More than just a pretty face

Grazia, Bauer Media UK’s agenda-setting, conversation-starting brand for women, celebrates another win. The fashion and beauty authority recently threw its weight behind a campaign to remove what is known as the ‘rough sex’ defence in UK law – a defence that allows an attacker to claim a victim consented to sexual violence, or their own murder. And this is not the only action going on...

How Bauer UK’s leading fashion and beauty magazine is changing lives

This is not the first time the popular brand has driven law change for important issues. Just this year, when it appeared that the UK Government would suspend the reporting of gender pay gaps for the second year running, it relaunched its 2015 ‘Mind The Pay Gap’ campaign and launched a petition. Within days, the petition reached 10,000 signatures and the Government announced companies would have to publish gender pay statistics by October this year.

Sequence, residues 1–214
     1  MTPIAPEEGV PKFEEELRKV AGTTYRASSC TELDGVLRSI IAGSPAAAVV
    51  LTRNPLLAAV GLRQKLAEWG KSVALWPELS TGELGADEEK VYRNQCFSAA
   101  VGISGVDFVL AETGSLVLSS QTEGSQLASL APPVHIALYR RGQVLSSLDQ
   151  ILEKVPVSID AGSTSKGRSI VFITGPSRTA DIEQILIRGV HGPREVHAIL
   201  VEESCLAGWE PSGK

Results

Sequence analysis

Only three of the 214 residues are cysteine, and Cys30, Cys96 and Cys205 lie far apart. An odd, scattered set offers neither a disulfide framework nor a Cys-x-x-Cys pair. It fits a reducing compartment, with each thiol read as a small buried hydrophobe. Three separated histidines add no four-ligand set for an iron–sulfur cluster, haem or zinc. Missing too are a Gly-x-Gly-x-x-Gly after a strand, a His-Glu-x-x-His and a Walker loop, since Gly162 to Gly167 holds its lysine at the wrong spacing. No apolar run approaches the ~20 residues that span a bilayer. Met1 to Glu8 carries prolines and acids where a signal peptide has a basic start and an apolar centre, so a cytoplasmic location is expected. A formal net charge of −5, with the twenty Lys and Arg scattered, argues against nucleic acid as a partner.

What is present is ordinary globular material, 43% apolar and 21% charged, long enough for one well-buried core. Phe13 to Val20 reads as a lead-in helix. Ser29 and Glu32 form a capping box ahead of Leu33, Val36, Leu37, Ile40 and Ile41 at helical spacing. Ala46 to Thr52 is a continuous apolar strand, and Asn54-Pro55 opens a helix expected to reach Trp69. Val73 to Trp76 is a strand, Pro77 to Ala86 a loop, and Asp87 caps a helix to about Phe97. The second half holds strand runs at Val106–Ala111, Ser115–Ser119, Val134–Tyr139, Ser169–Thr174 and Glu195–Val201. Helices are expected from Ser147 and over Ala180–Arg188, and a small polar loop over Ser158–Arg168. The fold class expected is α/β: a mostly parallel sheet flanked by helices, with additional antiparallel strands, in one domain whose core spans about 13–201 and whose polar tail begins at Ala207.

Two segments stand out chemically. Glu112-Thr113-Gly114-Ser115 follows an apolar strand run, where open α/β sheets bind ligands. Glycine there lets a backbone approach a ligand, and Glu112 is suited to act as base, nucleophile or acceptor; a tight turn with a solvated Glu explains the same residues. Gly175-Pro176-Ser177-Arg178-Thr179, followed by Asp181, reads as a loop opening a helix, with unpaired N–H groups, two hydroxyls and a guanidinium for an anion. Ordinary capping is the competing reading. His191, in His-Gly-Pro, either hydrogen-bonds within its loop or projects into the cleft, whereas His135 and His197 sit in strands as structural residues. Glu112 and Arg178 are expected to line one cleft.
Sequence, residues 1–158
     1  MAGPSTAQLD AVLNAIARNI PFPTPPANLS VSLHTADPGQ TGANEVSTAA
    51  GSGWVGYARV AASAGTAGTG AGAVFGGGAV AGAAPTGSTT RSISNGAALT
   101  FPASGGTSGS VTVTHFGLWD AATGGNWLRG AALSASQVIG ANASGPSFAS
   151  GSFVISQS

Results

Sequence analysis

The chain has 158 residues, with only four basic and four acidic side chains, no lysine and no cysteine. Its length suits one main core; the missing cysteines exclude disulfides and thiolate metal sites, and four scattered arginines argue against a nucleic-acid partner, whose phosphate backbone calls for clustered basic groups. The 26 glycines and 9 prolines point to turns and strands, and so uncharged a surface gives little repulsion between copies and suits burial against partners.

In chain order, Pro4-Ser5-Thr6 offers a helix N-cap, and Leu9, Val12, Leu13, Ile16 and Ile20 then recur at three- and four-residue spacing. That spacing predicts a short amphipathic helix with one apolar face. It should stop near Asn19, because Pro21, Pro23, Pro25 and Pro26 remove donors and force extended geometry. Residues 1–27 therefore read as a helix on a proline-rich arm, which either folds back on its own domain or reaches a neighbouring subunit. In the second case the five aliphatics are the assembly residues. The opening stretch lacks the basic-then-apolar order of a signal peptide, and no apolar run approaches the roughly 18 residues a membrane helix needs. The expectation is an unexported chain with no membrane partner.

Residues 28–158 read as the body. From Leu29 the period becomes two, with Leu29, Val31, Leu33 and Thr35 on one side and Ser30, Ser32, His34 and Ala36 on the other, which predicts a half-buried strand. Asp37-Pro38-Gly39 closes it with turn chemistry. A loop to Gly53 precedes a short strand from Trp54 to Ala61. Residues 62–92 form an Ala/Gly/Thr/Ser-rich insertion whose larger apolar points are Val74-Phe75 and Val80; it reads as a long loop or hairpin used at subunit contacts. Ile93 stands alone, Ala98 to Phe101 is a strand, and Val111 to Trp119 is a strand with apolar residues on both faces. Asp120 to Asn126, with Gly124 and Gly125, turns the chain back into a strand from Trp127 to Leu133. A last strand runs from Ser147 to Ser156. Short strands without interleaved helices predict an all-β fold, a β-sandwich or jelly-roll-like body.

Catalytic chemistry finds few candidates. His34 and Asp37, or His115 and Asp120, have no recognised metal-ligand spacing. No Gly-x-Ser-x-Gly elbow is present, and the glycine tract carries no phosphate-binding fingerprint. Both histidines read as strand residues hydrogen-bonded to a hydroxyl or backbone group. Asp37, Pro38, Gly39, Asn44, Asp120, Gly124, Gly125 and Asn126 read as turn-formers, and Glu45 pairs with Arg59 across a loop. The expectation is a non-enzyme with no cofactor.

We speak to Grazia Editor, Hattie Brett, about Grazia’s campaign agenda, what drives its success in the hard to reach demographic of ABC1 25 – 45-year-old women and petitions currently running.

Hattie Brett, Editor Grazia UK

Hi Hattie. Grazia recently led a successful campaign in support of changing domestic abuse legislation in the UK. Can you tell us a little more about his and why the magazine decided to take a stand on this particular issue?